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DVD Review: A Portrait of James Dean – Joshua Tree, 1951

4 min read

The private life and inner world of James Dean has often been shrouded in mystery; overlooked and concealed by the star-machine of the Classical Hollywood period. Against a backdrop of prevailing post-war masculinity mores and legislation, gay and bisexual Hollywood stars were forced to compartmentalise their sexuality, like the rest of the gay and bisexual community, with the additional pressure of being in the public consciousness. The star-machine existed to build and preserve the image of these God-like figures amongst the masses. The public images of major icons such as Montgomery Clift, Rock Hudson, and of course James Dean were all designed and aided by the Hollywood rumour mill feeding stories to the press; speculation of which (female) stars they dated, or were interested in dating prevailed throughout their career, and often long after their death, with fragmented details of their true nature only coming to light comparatively recently. In his new film A Portrait of James Dean – Joshua Tree, 1951, Matthew Mishory redresses the balance by casting a light on the years prior to James Dean’s international fame and exploring the influences and circumstances that made him one of the most provocative actors of his generation.

joshua treeConstructed of a series of vignettes, Mishory rejects a conventional narrative structure; instead we have a film of moments which accumulatively build up a fine and richly layered interpretation of Dean’s life and persona. The attention to detail in this film cannot be overlooked, not only in terms of historical detail and costume, which are themselves extremely well executed, but also in terms of the ‘moments’ Mishory has chosen to convey; Director becomes Curator here as narrative elements are very precisely chosen, arranged, and displayed to create a work of coherent beauty that so many non-linear narratives cannot achieve.  Mishory’s great success, as mentioned, is the accumulative effect of the elements within the film to evoke a certain mood, a certain culture, a certain time and have these elements embedded so naturally that the film feels entirely organic and completely lacking in pretention.

So, the big question; does James Preston measure up to the American Legend? The answer is no, and thankfully so. Preston has wisely played away from the concept of James Dean as a popular icon, instead he sensitively portrays ‘Dean, the young man’, allowing his relative innocence and natural curiosity to thrive. The performance is organic and presents us with Dean as a human being; flawed, confused, yet with burgeoning sparks of brilliance. Distinguishing between legend and humanity is something that many actors, even if they themselves are legends, cannot always achieve. There are no shades of Mommie Dearest here. Preston does indeed deliver a fine and convincing performance, and brilliantly introduces us to a new perspective on Dean.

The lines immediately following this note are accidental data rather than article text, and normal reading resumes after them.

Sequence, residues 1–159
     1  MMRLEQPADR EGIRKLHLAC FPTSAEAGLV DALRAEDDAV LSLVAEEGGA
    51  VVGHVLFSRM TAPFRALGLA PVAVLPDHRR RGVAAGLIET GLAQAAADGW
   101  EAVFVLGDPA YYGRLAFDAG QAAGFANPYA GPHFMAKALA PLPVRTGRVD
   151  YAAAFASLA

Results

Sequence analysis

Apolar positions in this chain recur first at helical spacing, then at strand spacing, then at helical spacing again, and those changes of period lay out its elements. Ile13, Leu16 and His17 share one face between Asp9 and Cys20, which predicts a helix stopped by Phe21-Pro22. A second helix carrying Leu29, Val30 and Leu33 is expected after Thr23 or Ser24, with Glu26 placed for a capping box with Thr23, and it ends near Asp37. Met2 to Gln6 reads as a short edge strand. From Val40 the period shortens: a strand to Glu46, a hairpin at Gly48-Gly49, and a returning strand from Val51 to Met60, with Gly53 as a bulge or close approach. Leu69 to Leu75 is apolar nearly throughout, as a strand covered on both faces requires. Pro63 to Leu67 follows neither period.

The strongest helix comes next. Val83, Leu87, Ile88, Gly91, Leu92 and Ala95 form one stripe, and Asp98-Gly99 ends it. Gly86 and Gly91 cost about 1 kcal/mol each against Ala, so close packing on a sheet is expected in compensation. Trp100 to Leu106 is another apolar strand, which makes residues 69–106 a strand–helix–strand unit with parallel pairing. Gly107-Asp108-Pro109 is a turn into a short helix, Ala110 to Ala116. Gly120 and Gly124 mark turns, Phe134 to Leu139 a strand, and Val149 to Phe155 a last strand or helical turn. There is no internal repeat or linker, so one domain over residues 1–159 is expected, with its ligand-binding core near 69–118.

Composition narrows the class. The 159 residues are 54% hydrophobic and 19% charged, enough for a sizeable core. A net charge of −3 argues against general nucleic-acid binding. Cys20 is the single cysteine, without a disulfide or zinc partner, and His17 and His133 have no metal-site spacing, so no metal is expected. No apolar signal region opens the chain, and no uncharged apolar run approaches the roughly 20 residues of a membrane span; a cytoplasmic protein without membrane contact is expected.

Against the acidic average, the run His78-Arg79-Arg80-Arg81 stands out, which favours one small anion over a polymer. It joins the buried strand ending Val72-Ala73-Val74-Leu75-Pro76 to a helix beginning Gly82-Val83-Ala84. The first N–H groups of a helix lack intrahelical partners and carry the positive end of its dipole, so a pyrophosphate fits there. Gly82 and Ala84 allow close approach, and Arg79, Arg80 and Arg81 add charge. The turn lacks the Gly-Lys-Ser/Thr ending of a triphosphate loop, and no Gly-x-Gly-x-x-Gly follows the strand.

A key feature of Dean’s development as a person and actor were his relationships, which are handled with great insight and sensitivity by the supporting cast. Dan Glenn plays Dean’s lover and roommate, perfectly capturing the idea that even those closest to Dean will forever be outsiders. Knowing his disposability, The Roommate’s journey is as compelling as Dean’s; Glenn shrewdly explores concepts of attachment through The Roommate’s unequal standing in the relationship, which forces us to question if a heteronormative coupling between the two men could ever be sustainable, or more succinctly, is their relationship a product of the era or Dean’s disability to fully connect with those around him? Many relationship dynamics are at play, all of which unfold against their basic dependency on each other for that period of time; it’s fascinating to behold.

It’s hard to escape the hypnotic quality of  A Portrait of James Dean – Joshua Tree, 1951 this is in large part due to the fascinating cinematography, much of which is black and white, conjuring fifties Americana, as well as tipping it’s hat to the Classical Hollywood period. It’s interesting to note, however, that Dean was an icon from colour pictures; East of Eden (Kazan, 1955), Rebel Without a Cause (Ray, 1955), and Giant (Stevens, 1956) were all colour pictures, however it was these colour pictures that created Dean the legend, a legend that was, as we have established, largely removed from the man himself. The idea of having Dean’s formative years rebelliously black and white provides a fascinating visual contrast from the Dean we thought we knew.

This film should be seen by everyone interested in James Dean, Hollywood, sexuality, and the language of film. So, everyone really; it’s a hugely enjoyable work of art.

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Want to know more? Click here to read our interview with Writer and Director Matthew Mishory.

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